Couplet 13

10/22/2010 6:54:19 AM


Reduction in stand, orange discoloration of leaf, stunted dying plants.


Reduction in stand, dying plants near healthy plants; c-shaped larva with spines visible, golden-brown head capsule.

Insect may be:



Photo by: Natalie Hummel

Photo by: Natalie Hummel

There are two species of COLASPIS that can be found in Louisiana rice: Colaspis brunnae and Colaspis louisianae. This pest can be found damaging fields of dry-seeded rice in a soybean-rice rotation. Colaspis will complete a single generation in soybeans and lespedeza. The larvae of colaspis will overwinter in the soil. When rice, or another crop, is planted into a field that is infested with colaspis larvae, the larvae will begin to feed on the roots of the plant. Feeding on fine root hair may result in plant death. The larvae will then pupate and emerge as adults. Adults are oval in shape and about 1/4 inch in length. They are a light golden color with white/gold stripes down their back and long antennae. Adults will not lay eggs on rice, but will most likely travel to a near soybean field. It is common to find a clumped distribution of larvae in the soil and patches of stand loss.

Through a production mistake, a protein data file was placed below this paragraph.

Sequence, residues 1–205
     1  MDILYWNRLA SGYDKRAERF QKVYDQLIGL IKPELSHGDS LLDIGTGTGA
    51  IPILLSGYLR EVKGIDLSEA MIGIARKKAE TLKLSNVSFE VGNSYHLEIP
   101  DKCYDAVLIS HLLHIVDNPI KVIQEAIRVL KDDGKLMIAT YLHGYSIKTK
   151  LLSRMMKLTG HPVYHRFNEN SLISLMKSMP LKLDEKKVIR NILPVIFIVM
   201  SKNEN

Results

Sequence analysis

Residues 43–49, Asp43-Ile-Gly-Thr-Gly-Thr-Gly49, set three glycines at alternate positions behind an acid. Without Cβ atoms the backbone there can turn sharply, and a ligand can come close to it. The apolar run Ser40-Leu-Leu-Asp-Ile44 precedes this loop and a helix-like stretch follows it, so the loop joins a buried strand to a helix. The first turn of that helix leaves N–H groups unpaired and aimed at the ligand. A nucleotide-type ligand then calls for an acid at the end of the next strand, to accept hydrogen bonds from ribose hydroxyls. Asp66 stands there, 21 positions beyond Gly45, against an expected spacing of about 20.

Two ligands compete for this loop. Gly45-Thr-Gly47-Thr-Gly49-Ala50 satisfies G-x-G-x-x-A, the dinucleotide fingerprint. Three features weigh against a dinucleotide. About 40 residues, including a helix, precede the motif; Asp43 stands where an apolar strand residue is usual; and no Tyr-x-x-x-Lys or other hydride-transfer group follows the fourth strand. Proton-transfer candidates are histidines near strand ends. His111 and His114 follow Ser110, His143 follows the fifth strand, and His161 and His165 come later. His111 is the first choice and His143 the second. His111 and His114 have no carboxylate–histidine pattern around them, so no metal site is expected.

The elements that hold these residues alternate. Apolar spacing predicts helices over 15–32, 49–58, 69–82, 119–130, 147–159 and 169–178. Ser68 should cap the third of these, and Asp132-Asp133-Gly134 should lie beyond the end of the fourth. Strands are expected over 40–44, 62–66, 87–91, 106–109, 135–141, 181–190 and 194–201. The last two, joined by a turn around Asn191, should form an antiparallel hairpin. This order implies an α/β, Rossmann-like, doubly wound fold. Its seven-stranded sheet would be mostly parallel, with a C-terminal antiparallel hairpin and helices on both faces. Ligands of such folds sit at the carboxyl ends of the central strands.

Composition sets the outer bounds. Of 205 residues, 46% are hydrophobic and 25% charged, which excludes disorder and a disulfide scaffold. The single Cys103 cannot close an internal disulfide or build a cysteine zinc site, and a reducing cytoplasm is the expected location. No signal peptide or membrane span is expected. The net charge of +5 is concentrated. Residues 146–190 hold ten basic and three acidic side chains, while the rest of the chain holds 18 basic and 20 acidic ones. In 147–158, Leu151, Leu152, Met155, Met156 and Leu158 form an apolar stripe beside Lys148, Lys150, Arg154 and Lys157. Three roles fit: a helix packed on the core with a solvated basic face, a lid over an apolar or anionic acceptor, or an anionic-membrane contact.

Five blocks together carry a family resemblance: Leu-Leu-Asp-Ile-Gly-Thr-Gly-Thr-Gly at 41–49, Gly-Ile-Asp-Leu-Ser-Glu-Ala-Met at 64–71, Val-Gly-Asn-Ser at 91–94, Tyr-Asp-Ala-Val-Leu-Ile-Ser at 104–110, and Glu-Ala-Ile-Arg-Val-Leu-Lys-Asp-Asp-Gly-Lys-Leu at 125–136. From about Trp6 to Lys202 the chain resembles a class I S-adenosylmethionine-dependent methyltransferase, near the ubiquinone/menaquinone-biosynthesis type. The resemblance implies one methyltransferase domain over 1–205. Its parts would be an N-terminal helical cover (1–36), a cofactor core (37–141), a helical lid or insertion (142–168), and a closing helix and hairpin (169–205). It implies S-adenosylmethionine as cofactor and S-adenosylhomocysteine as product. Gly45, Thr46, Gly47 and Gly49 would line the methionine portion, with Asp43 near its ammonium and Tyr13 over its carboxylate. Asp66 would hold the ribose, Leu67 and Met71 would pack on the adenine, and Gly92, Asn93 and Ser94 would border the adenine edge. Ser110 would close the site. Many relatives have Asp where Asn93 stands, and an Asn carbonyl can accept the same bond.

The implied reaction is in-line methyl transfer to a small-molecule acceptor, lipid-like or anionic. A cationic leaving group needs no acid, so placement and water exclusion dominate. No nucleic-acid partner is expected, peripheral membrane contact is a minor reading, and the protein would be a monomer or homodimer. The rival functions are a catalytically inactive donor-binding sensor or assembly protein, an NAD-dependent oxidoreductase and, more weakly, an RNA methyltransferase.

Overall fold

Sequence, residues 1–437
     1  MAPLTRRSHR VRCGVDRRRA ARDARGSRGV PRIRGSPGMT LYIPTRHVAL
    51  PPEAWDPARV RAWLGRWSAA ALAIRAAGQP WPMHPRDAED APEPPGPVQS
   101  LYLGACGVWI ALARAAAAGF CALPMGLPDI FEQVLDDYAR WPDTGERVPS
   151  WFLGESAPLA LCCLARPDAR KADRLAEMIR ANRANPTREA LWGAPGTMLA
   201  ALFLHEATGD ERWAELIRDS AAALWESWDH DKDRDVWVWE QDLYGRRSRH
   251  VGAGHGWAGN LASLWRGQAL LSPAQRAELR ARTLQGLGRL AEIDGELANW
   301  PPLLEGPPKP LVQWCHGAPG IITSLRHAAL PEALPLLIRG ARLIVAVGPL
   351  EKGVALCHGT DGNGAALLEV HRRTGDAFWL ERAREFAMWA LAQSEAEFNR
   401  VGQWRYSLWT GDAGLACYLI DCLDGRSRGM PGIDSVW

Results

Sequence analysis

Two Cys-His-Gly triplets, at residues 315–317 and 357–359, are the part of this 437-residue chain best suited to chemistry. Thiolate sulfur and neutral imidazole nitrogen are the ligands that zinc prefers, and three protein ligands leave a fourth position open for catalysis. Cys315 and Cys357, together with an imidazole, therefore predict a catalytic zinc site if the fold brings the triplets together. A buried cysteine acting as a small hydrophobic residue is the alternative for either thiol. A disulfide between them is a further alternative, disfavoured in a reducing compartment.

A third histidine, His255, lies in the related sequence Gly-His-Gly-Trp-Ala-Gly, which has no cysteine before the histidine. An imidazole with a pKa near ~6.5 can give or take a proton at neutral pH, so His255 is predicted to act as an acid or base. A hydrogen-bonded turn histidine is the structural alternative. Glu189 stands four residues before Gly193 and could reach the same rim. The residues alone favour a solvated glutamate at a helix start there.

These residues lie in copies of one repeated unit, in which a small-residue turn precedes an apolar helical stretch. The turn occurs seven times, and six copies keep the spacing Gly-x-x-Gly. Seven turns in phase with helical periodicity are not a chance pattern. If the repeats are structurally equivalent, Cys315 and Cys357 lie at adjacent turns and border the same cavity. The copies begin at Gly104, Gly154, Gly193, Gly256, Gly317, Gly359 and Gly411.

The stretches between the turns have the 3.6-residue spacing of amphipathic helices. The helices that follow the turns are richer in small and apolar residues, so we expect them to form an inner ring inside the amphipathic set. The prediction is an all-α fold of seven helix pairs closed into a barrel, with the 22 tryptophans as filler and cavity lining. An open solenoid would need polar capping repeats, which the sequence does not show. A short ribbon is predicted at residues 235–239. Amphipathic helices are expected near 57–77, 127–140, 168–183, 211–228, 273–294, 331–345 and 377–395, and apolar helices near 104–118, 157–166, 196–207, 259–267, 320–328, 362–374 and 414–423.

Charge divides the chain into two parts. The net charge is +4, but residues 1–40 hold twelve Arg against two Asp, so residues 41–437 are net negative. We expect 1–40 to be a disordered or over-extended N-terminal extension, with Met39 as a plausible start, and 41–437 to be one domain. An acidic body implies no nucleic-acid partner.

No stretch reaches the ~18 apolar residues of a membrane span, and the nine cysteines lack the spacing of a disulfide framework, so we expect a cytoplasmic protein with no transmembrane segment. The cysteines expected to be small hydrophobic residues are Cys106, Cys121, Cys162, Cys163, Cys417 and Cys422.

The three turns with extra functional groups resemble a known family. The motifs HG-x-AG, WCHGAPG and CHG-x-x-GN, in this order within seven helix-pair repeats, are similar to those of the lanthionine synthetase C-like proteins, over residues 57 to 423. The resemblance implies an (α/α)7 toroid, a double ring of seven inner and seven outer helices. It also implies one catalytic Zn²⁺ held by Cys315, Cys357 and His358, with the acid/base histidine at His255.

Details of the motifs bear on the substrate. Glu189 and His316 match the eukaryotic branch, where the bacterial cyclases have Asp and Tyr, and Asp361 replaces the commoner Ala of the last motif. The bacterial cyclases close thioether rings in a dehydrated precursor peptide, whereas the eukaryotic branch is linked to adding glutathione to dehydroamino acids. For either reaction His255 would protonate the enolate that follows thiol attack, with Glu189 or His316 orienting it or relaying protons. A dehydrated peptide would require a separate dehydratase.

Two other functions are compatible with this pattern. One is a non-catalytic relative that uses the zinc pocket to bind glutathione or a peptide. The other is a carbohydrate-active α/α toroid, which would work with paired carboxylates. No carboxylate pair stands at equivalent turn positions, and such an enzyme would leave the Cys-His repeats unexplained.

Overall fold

What you should look for:
  • To scout this pest, located plants that are stunted, dying and surrounded by declining plants. The plants will often appear withering or drying.
  • Dig around the base of the plants, carefully peeling back the soil and looking for white grubs with brown heads, being slightly larger than RWW larvae. Pupae or adults may also be found in the soil.

How you can manage colaspis:

  • There are no specific pesticides to control colaspis in louisiana rice.
  • Only recommendation is to apply permanent flood as soon as possible.
  • These insects are not aquatic so they cannot survive a permanent flood.

    Colaspis in rice

    How to Scout for Colaspis in Rice Video



    For more information, please see the Rice section of the Insect Pest Management Guide on the LSU AgCenter's Management Guides webpage.

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